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I bought some books in September. I thought I’d begin everyday of the school year with an inspirational poem or thought-provoking essay–short, to the point. I bought A Year with Rumi: Daily Readings, by Coleman Barks. My friend Michele over at The Everyday Strange and Sacred (check out her awesome blog here) peaked my interest in Rumi. Very cool poet. He died in 1273, but his words are of all time. As I was finding the right book of Rumi, Amazon led me to the People who bought Rumi also bought…which led me to A Guide to the Good Life {the ancient art of stoic joy}, by William B. Irvine. I was looking for the good life–I knew I needed a guide. Yet, I was intimidated by the word “stoic”. Stoic seemed cold, steely, detached. But once I checked out the inside jacket cover, I was hooked. It read:

One of the great fears that many of us face is that, despite all our effort and striving, we will discover at the end that we have wasted our life…William B. Irvine plumbs the wisdom of Stoic philosophy, one of the most successful and popular schools of thought in ancient Rome, and shows how its insight and advice are still remarkably applicable to modern lives…Using the psychological insights and the practical techniques of the Stoics, Irvine offers a road map for anyone seeking to avoid the feelings of chronic dissatisfaction that plague so many of us.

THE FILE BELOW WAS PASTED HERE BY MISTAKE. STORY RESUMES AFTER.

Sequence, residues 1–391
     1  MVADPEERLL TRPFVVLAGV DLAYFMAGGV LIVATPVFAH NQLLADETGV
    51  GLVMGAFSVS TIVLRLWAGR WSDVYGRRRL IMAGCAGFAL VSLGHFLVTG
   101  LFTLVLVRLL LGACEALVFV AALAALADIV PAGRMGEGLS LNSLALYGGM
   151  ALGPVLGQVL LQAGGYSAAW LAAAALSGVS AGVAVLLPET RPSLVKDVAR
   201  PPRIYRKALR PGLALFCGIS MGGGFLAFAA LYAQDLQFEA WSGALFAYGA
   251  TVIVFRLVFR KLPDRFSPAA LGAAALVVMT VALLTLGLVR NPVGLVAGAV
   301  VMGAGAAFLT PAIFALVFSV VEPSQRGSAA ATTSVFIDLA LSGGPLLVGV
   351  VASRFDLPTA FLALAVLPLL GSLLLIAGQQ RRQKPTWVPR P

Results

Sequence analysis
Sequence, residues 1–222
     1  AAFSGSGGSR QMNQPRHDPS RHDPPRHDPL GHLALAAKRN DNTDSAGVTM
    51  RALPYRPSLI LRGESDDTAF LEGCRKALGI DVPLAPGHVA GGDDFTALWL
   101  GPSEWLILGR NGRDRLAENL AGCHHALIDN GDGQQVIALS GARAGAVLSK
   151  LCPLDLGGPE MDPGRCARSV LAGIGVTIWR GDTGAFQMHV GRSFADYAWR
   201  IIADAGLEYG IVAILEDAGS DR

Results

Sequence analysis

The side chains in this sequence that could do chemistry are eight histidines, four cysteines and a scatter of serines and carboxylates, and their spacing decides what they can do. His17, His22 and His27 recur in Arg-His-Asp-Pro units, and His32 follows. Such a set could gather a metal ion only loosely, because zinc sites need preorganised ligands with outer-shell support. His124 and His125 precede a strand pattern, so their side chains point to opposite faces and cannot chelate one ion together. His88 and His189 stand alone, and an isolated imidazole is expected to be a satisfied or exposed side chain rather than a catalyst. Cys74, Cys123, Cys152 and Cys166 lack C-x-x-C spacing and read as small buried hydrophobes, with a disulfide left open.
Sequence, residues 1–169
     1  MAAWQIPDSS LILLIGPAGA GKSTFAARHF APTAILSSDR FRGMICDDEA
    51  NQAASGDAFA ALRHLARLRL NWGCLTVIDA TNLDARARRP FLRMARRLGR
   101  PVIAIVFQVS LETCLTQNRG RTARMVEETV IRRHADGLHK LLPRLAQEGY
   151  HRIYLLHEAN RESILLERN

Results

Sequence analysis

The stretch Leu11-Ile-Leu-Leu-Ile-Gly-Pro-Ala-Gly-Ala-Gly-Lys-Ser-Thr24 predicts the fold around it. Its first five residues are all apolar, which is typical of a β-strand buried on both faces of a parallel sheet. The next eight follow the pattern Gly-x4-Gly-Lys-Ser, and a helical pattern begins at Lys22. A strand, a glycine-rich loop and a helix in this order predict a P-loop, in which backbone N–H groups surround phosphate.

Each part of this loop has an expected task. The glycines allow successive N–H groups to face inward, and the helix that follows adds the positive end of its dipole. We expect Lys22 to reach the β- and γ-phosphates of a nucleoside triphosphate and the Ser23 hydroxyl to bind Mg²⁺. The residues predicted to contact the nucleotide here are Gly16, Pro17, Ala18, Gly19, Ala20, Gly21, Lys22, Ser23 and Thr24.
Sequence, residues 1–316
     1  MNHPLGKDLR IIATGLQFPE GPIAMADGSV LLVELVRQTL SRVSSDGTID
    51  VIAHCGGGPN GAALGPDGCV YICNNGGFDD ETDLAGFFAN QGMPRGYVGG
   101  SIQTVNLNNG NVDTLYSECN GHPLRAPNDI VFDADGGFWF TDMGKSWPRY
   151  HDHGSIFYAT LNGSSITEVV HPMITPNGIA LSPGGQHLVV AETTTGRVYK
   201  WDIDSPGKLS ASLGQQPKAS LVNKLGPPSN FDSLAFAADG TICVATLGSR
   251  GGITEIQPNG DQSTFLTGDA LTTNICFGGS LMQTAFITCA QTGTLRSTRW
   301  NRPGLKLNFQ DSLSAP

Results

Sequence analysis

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The two books arrived together, and I spent the first few months of the school year trying to begin each day with Rumi and the Stoics (sounds like a cool band name). Like most things, my morning routine faltered, and my reading was replaced with hitting snooze seven more times, or making lunches for the boys, or–you get the gist. But as I look back on 2013, and I take stock in the year that was, I keep returning to the greatest insight I have gained this year, in fact in the past few years. It’s that good.

One autumn morning, as the sun turned our kitchen a golden orange, I was reading about stoic joy–I know it sounds like an oxymoron, but it isn’t. I came across the following: “In my research on desire, I discovered nearly unanimous agreement among thoughtful people  that we are unlikely to have a good and meaningful life unless we can overcome our insatiability…One wonderful way to tame our tendency to always want more is to persuade ourselves to WANT THE THINGS WE ALREADY HAVE.